Last year Calix released Activate under their compass suite. Activate was branded to be the next iteration of SDN for their AXOS enabled products. At first I was told that Activate was going to eventually take the role of what CMS currently does, but as it stands right now, is only used for managing E3 and E5 G.fast devices. Which is why I had to start using it.
Late last summer we got a shipment of about 20 E3-16F units. These units are designed to provide gigabit speed over twisted copper pairs within a limited distance.
I totally jacked this image from this site. Anyway these units are suppose to be the best solution for MDU (multiple dwelling units) deployments as they can utilize the existing copper infrastructure (since all buildings have phone) and reduce build out cost for ISP’s. This idea is sound, but there are a lot of variables that will determine how fast of a connection can be provided. Obviously distance, quality of line, shielding, vectoring, frequencies, etc are all factors in determining throughput. It brings all of the complications of DSL into smaller environments! It has just as many potential variables that must be considered when implementing. 😛
A big project at work has been getting these things ready for deployment. They have been sitting long enough and are beginning to gather dust. Not to mention, depreciate. So while I have been focusing on finishing my degree at college, the team has been getting fiber connectivity to the comm rooms of some apartment complexes. I have been attempting to get the FMS ready for activate integration, and some of its key parts upgraded. A basic module level list is below:
- Plant management needs to reflect ‘Access Systems’
- Drops needs to allow for non fiber drop types
- Customer records needs to allow data pulls and provisioning to Activate
So I started on the Plant Management. I created this object called AS or Access Systems. Access Systems are any kind of device that resides in the field or needs to be placed on the map. For example, and E3-16F needs to be connected to the fiber PON system, but isn’t a terminal, because it does not simply pass through connections. Let me sidetrack and vent about definitions and terms in the telecom industry. Some terms are loosely used, and often over generalized while others are quite rigid and must be used properly. Terminal is a term used somewhat loosely. I have seen it used in conjunction with pedestals, or other enclosures for any medium. I have had to set a more rigid definition for when it is used in the FMS. Terminals in the past for the FMS has always been the bridge between infrastructure and customer premise. Which means if drop cable connects to the infrastructure in a utility easement, it is connected to a terminal. Or if it on the side of a building, and has multiple customer drops going into it, it is a terminal. The weird thing about the E3-15F’s is that they do conform to our definition of a terminal, but they also do not. Sure they connect customer drops to their premises, but they are also fed with one line, and do not have a 1:1 connection ratio. It is 1:16, and on top of that it uses two different mediums, so how beneficial would it be to look at a map an see a T instead of something like AS. At least you could know it was some form of infrastructure and not a ped in a comm room (huh?). Plus they are not passive and require power. Defining them as something other than a terminal allow us to hold a lot more attributes. Let’s dive into the details of how I made this stupid thing work.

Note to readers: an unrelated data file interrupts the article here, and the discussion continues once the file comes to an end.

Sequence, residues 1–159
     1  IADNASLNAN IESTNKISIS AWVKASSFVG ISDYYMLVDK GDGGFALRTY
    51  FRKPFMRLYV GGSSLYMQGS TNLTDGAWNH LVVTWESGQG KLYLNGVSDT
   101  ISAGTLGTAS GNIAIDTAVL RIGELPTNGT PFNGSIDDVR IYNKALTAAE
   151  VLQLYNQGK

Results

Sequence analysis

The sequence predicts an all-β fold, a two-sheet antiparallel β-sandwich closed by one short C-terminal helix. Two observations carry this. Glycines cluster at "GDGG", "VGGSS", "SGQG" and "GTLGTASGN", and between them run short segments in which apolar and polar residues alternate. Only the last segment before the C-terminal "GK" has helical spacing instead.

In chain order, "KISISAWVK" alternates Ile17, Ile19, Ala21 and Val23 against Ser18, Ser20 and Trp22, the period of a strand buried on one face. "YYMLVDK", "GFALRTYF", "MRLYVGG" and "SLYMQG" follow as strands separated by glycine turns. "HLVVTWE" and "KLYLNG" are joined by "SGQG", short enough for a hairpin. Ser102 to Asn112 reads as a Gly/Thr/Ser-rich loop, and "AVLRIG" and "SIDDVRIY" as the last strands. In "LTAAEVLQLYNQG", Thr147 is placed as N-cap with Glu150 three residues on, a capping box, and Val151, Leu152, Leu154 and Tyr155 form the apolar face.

Access Systems were created to work in conjunction of other devices. Currently only Activate is used for the access systems, but It was designed and built where we could use coaxial or other systems in the future. This required me to create yet another module called devices, which will eventually hold all of our network nodes.
This list sync’s with Activate on an hourly basis, checking for name changes and IP addresses changes of units. This is important to ensure that records are not orphaned. So once an hour is a good time interval.
If someone were to click the details page of the device, they are presented with device diagnostics